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Anna in the Tropics

Nilo Cruz
Hampstead Theatre
(2004)

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While Hampstead Theatre has not had great success with British new writing since its move from the much-loved Portakabin, it is beginning to build a relationship with some of the most important minority writers from the USA.

Following plays by Stephen Adly Guirgis and Dael Orlandersmith (Yellowman also directed by Indhu Rubasingham), artistic director Anthony Clark has now brought over Anna in the Tropics, the first play by a Latino writer to win the 2003 Pulitzer Prize.

It is amazing that no twentieth century Hispanic play won the award but pleasing that such a heart-warming play, which opened on Broadway last winter, should have broken the duck. There, it featured Jimmy Smits as the ageing heartthrob, Daphne Rubin-Vega as the unhappy beauty Conchita and Priscilla Lopez as the mother, Ofelia. In Britain, there is an apparent dearth of Latino actors as the corresponding parts are played by Enzo Cilenti (more Latin than Latino), Rachel Stirling and Diana Quick respectively.

The play is set amongst Cuban immigrants in a cigar factory in Tampa during the prohibition era. The age-old traditions that are symbolised by the arrival of a new lector, or story teller, are threatened by their own industrial revolution.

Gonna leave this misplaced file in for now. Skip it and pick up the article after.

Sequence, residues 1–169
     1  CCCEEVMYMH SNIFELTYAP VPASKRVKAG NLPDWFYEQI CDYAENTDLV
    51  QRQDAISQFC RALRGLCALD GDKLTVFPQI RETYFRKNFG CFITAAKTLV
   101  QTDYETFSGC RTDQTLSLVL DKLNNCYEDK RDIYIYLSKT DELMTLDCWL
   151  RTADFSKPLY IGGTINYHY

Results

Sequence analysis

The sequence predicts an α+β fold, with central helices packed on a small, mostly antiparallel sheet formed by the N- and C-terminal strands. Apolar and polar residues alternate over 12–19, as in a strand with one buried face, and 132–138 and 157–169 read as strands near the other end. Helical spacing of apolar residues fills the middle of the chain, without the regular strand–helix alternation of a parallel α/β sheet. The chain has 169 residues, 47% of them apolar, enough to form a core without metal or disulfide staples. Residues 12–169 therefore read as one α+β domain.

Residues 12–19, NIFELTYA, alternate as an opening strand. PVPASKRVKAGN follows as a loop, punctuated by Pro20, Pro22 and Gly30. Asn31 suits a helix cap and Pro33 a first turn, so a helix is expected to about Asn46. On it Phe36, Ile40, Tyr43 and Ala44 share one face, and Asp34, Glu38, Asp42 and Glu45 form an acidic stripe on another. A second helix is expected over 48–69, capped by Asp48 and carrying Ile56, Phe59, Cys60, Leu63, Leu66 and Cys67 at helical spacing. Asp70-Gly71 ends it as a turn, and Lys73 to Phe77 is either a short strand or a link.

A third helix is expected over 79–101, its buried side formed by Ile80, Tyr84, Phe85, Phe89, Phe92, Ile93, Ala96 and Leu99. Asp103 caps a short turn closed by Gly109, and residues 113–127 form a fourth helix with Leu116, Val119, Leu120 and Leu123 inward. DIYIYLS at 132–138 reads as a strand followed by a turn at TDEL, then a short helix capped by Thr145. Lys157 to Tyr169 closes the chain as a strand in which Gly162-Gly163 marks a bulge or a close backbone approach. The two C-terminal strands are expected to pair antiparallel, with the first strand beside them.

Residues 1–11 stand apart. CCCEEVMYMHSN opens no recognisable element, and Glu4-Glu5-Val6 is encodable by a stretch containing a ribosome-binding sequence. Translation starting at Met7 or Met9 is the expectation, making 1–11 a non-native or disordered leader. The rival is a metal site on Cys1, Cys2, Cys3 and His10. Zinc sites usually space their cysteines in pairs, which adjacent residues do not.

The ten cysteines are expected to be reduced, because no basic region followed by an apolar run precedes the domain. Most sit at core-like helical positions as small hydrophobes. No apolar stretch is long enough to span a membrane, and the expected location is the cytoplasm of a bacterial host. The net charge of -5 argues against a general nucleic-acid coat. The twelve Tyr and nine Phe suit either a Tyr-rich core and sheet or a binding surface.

The arrival of the handsome Juan Julian (Cilenti) changes the lives of the factory workers forever, as he brings a world of romantic dreams from home. The women are entranced and the men jealous. Indeed, the youngest daughter of the family, Marela, played enthusiastically by Lorraine Burroughs, is so excited at her first sighting that she wets herself.

While her powerful mother Ofelia (the ever excellent Miss Quick) is calmer, her life is also in a state of flux. This is because her husband Santiago (played by Joseph Mydell) has almost gambled away his factory to his Americanised half-brother, Peter Polycarpou's frustrated Cheche, a man who hates lectors because he lost his wife to one.

As the lector reads Anna Karenina to occupy the workers' minds while they roll tobacco, the parallels between the characters in icy Moscow and those in front of us become increasingly obvious, never more so than when Miss Stirling's character, Conchita, deserts her husband for the welcoming arms of her own Vronsky.

The play builds to a fine and dramatic finale almost worthy of a Tolstoy, as a new cigar brand is launched and then suddenly what had been joyous becomes increasingly dark. Not only are the lives of the individuals never likely to be the same again, but their whole culture is undergoing a change from which it will not recover.

Nilo Cruz' script is packed with beautiful imagery and much humour. This comes through in Indhu Rubasingham's production but the English cast with their varying accents never quite catch the Cuban atmosphere and steamy passions on which the play relies. Even so, Anna in the Tropics is well worth a visit to see a fine work by one of America's most promising young playwrights.

Philip reviewed this play at the Royale Theatre, New York, in 2003

Reviewer: Philip Fisher